The Barry Sheene bike we have here is a square-four 1975 Suzuki RG500 XR14. Sheene won his first ever GP on it and the '76 and '77 world championships.
In the yellow corner is an inline-four-cylinder 1980 Yamaha YZR500 OW48R, ridden by three-time world champion 'King' Kenny Roberts, complete with two reverse cylinders (hence the 'R').
Both are excessively loud, smelly two-strokes, with wafer-thin powerbands and no interest whatsoever in suffering fools gladly.
The Yamaha is tiny, like a cramped 250 and nothing like as roomy as today's MotoGP bikes. I'm a good head-height taller than Kenny Roberts, so it's all I can do to get feet on the pegs.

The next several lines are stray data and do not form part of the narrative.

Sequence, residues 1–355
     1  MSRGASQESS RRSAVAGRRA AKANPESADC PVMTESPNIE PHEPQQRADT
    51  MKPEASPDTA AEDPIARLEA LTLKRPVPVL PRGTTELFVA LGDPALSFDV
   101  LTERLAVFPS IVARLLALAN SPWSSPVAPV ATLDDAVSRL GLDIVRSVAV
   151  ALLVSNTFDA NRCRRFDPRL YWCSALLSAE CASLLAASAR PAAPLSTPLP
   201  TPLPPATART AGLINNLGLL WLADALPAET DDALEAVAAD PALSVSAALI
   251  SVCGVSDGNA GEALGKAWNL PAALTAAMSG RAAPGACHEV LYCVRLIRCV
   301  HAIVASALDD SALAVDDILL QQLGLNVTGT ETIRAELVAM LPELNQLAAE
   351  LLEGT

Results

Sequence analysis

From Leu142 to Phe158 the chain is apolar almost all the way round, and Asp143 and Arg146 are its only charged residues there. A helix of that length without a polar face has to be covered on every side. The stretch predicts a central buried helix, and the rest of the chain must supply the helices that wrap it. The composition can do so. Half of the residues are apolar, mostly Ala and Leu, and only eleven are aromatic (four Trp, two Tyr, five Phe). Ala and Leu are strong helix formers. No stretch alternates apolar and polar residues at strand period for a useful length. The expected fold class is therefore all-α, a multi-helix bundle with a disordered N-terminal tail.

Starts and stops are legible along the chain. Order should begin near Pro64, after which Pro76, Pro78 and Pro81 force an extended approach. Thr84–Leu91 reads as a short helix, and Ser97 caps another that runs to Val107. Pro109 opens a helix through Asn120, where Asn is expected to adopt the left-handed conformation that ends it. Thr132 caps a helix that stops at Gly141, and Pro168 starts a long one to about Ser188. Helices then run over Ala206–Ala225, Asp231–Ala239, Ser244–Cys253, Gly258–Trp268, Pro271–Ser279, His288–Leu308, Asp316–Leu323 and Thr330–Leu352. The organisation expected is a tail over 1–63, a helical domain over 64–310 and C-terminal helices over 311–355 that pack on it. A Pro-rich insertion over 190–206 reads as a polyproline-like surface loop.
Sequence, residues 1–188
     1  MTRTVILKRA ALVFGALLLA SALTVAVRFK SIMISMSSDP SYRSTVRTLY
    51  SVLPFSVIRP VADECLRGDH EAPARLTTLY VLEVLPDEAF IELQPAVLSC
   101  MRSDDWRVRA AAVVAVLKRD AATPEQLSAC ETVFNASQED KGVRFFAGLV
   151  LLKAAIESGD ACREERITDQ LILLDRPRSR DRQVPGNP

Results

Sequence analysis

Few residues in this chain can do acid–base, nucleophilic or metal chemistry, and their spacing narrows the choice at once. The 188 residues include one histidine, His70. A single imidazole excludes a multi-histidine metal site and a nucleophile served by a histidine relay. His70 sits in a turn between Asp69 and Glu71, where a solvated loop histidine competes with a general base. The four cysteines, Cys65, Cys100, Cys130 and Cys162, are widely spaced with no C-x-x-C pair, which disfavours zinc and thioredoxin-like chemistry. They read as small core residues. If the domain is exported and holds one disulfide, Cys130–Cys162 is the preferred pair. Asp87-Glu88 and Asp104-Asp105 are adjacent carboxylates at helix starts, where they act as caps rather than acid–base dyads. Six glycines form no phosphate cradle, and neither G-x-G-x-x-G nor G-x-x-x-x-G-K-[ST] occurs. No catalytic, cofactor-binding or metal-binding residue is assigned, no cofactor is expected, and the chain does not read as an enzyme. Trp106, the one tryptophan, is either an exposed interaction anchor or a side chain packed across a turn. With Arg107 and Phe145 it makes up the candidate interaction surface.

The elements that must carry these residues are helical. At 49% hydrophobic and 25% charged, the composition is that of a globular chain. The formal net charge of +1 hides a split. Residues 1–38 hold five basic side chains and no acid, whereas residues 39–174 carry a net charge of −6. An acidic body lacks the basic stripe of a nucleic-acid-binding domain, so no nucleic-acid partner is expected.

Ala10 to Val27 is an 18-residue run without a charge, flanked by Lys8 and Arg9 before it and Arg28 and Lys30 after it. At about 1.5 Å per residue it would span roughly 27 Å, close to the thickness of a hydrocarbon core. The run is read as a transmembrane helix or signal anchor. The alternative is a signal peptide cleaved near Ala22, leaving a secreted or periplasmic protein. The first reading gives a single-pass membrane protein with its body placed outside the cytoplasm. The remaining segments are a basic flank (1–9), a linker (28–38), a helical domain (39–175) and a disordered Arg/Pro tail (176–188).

The motor is far more tractable and friendly than you'd imagine. Combined with its light weight there's just enough low-down power to short shift, but who'd want to do that? Crack the throttle for the first time and wait for the unexpected.
There's a big hole at 7000rpm, which is the calm before the storm. When the needle sweeps round to 9500rpm it just takes off. The madness carries on to the 10,500rpm redline, then it's time to push down on the race-pattern gear lever, slice through to the next cog and let the engine go berserk all over again.
The Suzuki is much roomier. The 37-year-old square four-cylinder 500cc motor still has an excess of oomph and not much weight to push along, so the acceleration is enough to pin you back in your seat.
This RG500 XR14 still feels good on the brakes and sure-footed in the corners and given the opportunity to ride either on a hot sunny trackday, I'd take Sheene's - it's easier to ride.